Our Work and Our Mission
The Superior River Watershed Association’s mission statement reflects our response to these challenges: “To promote and protect clean water resources in Wisconsin’s Lake Superior basin.” Since its inception in 2002, SRWA has been accomplishing this through pursuit of the following goals:
- To establish baseline environmental data to develop a deeper understanding of the watershed,
- Provide relevant information to local governments and agencies to promote responsible and effective decision-making on issues affecting the watershed, and,
- To facilitate grassroots involvement through outreach programs, volunteer opportunities and to provide forums for education and informed discussion of watershed issues.
Environmental challenges in the watershed include erosion, rapid runoff and fish passage blockage at road/stream crossings.
Prior to the formation of SRWA, little water resource data for the watershed existed. To address this, SRWA developed a Water Quality Monitoring Program addressing both chemical and biological parameters. Over the past 15 years of implementation, these programs have established SRWA as a key player in gathering and exchanging information across a broad range of jurisdictions. Our water quality data were used to help designate 180 river-miles as Outstanding or Exceptional Resource Waters by the state of Wisconsin. The U.S. Fish & Wildlife Service has included our water temperature data in computer modeling to assess the effects of climate change on local water resources. SRWA baseline data is being used to determine the overall health of the watershed and provide a robust benchmark to assess change. As a result, local units of government have been able to make more informed decisions on resource management, seek effective funding of restoration projects, and are beginning to face future challenges such as potential development of mining in the watershed and climate change.
SRWA’s second major initiative is its Culvert Restoration Program, which addresses problems of excessive sedimentation and fish passage barriers at road/stream crossings. This program is inventorying the over 1,000 culverts in the watershed to prioritize sites needing upgrading. Through ecological field assessment, creating partnerships between townships, agencies and volunteers, and securing project grants, SRWA has reconnected nearly 30 miles of trout streams and reduced sediment loads to Lake Superior.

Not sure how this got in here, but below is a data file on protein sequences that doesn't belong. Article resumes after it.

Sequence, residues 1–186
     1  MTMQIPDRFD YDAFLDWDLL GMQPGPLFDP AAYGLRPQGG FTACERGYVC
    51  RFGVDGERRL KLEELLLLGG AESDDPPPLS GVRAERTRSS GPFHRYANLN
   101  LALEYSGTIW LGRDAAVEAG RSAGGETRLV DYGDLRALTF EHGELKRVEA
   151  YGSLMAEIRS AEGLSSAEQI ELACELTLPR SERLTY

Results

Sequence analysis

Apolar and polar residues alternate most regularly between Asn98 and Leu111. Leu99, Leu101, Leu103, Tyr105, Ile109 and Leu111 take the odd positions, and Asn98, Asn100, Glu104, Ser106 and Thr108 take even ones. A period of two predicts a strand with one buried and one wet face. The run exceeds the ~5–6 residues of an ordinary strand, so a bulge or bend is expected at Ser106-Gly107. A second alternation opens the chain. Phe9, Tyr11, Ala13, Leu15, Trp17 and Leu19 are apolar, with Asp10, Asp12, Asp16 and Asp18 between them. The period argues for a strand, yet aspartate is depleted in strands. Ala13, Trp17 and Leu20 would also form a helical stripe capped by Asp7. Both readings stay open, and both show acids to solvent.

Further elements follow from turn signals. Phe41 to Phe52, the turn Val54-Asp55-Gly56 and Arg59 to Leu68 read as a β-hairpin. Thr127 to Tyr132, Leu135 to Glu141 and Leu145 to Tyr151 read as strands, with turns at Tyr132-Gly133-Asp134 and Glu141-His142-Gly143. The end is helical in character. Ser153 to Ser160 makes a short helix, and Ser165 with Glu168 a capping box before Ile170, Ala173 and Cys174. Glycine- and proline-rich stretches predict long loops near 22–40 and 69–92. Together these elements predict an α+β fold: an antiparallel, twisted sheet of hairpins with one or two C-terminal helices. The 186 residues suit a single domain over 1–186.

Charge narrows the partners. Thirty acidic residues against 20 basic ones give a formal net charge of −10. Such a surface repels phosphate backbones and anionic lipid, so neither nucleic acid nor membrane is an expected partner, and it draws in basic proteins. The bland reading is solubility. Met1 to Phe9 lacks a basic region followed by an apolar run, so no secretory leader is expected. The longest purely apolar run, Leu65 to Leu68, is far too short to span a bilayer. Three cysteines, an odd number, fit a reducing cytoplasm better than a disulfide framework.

Emerging challenges: Open-pit Mining & Large-Scale Concentrated Animal Feeding Operations (CAFOs)
In 2011, a massive open-pit iron mine was proposed in the headwaters of the Bad River watershed. A comprehensive water quality monitoring program was initiated on potentially affected streams. In 2015, the mining company withdraw its plans to develop the mine in the watershed. However, the land owner and mineral rights holder is continuing its pursuit of developing a mine in the watershed. SRWA seeks to complete its baseline water quality studies so that reliable benchmark water quality data are available to assess impacts of a possible future mine operations.
In 2014, a large-scale hog production facility began the permitting process for siting of a 26,000 animal facility in the Fish Creek watershed, within a mile of tributary streams that feed the Bad River watershed. In 2015 a dairy facility began the permitting process to expand to CAFO status within the eastern boundary of the watershed. These proposed and existing farms will produce nearly 20 million gallons of manure per year, which will be spread on waste sites that are dominated by heavy clay soils that characterize much of the region. SRWA seeks to expand nutrient and bacterial sampling in the streams that would receive surface runoff from these sites to establish baseline water quality values prior to waste spreading, and to detect nutrient or bacterial increases that may occur from waste runoff after operations commence.